The systems that underlie religious truths are vast and complex, based on a mix of divine revelations, cultural memory, historical precedent and judgements rendered on interpretations that are flexibly vague or strict depending on the situation. It is almost uniform across cultures that the dedicated, life-long study of the complete theological system behind these opaque truths is a defined job that the society fully and directly supports.

A person in this role is who people turn to for an elaboration on the nuances, origins and reasoning underlying various opaque truths, as well as being the one charged with social enforcement of those truths when members of society, especially powerful members such as the ruling class, stray so far from moral guidelines that the entire society becomes unstable. These people are, of course, the priests, shamans, village elders, and other sorts of clergy.

This pattern is so strong that even in anti-religious society, such as under Marxist or other fake woke Jacobin rule, the antimatter analog to this role exists in the form of the paid snitch, the commissar, the nit-picky neighborhood karen, the political officer in a military unit, and so on.

What does Entropism give us?

While religion gives us opaque truths and those truths provide highly functional heuristics for moral determination in times of high faith, at points when society has lost its faith the utility of those opaque truths begins to break down. Opaqueness gives collective certainty and incredible speed in moral determination, but when the truths themselves are questioned the opaqueness suddenly becomes a problem and can even hasten the loss of faith in a society. The average member of society is typically completely unprepared to deal with this.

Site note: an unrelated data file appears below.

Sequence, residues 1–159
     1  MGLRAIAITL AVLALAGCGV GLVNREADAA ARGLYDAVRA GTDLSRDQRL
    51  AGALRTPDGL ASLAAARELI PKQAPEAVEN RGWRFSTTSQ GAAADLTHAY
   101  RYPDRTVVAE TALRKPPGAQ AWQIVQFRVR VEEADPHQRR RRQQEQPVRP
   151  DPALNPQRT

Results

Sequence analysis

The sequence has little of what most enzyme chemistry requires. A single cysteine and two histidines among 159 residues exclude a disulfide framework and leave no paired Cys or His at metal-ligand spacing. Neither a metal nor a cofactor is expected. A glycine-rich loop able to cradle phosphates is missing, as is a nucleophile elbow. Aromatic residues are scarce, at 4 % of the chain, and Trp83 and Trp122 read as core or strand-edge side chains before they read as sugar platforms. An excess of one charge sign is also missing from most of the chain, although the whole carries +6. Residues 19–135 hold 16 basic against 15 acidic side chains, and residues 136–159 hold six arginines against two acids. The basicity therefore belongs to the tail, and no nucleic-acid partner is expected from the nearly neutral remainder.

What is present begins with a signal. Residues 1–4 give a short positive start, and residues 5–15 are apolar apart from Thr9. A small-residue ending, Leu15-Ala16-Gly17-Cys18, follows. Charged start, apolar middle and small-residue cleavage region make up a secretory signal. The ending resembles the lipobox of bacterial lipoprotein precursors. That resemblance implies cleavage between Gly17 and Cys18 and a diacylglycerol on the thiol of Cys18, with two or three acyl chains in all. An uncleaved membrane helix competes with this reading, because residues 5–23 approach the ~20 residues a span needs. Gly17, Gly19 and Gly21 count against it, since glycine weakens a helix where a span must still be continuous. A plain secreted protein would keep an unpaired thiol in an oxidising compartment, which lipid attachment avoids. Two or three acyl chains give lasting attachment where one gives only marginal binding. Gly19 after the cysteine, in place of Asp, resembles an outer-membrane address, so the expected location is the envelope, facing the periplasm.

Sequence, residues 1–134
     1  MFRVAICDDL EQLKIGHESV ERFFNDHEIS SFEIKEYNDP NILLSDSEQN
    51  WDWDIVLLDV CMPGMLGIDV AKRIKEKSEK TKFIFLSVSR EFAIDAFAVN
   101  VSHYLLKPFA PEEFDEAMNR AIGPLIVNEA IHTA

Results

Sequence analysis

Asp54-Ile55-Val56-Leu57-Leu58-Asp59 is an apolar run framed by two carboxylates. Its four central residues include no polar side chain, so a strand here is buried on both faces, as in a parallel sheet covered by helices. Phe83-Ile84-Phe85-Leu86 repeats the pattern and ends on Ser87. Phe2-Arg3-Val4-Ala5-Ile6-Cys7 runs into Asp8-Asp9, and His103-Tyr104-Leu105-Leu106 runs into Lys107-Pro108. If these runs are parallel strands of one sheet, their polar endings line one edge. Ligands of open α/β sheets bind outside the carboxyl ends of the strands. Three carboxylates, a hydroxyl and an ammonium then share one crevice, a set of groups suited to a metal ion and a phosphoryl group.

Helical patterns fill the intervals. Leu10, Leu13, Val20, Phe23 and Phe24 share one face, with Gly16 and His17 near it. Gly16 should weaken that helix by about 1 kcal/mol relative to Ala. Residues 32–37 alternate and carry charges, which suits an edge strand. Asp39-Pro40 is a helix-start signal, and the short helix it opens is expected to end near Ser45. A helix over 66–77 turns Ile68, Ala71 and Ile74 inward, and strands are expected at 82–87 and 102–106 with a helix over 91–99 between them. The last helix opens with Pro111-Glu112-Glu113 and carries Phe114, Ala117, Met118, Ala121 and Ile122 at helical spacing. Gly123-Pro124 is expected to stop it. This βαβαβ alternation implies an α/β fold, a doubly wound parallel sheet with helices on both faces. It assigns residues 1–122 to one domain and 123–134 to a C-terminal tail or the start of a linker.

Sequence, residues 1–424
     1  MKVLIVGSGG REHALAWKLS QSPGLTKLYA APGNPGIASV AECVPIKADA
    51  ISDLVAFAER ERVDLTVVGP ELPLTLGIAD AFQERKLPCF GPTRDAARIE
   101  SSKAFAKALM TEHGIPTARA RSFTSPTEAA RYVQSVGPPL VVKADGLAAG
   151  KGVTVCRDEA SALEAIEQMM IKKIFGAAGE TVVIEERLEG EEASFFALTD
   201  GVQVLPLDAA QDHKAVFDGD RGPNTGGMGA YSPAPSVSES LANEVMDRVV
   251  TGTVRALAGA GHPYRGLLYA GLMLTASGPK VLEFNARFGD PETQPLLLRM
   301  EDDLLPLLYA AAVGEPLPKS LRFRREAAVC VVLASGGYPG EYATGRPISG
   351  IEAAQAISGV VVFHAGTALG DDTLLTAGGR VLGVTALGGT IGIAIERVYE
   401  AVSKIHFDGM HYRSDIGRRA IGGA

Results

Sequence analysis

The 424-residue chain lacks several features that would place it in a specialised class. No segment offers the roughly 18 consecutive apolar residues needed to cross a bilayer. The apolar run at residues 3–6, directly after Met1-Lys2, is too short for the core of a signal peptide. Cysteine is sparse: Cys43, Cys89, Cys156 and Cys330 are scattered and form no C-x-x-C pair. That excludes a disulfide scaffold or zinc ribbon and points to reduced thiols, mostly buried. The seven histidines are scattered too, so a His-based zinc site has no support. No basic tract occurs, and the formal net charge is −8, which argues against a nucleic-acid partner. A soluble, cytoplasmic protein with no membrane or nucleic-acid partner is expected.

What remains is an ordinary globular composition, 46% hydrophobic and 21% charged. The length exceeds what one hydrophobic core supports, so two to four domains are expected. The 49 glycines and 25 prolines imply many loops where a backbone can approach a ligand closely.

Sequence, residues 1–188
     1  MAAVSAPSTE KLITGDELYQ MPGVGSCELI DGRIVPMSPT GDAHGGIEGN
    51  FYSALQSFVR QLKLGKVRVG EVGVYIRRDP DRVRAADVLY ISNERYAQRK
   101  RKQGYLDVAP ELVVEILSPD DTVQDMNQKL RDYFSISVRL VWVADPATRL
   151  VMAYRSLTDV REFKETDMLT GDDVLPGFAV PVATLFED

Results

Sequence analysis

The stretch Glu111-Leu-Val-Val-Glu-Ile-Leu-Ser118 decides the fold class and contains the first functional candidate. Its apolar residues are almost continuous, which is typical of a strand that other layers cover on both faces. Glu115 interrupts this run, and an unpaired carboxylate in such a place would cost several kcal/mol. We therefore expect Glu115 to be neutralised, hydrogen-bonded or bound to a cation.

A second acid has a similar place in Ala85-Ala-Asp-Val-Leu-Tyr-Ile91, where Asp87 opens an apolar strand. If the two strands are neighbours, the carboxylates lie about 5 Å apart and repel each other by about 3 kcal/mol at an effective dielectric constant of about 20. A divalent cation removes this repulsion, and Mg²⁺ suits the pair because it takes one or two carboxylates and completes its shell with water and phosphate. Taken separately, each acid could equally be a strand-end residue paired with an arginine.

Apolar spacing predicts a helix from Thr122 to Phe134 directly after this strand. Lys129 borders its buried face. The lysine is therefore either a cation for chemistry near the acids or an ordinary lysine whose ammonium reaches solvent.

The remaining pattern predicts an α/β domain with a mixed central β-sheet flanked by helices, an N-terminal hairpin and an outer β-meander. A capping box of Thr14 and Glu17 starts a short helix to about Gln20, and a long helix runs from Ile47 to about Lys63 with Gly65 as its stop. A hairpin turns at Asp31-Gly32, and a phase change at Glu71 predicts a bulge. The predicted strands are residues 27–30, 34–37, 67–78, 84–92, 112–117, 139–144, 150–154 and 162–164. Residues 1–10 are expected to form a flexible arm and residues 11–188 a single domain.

When a society begins to lose faith in itself, its culture, its founding ethos, and its institutions those institutions succumb to corruption. Often the original cause for loss of faith started with observed corruption in the system (and as an effect can strengthen its cause, this can place an entire society into a vicious and accelerating cycle). It is then no longer possible to trust the person in the priestly role, as the motives behind their edicts and revelations and teaching becomes suspect. Opaque truth becomes the subject of suspicion and derision rather than confidence and inspired action.

Society therefore occasionally requires transparent truth. Transparent truth is not always fantastically complex, but does take quite a lot of time, thought and effort to discover, understand, enumerate, formalize and express.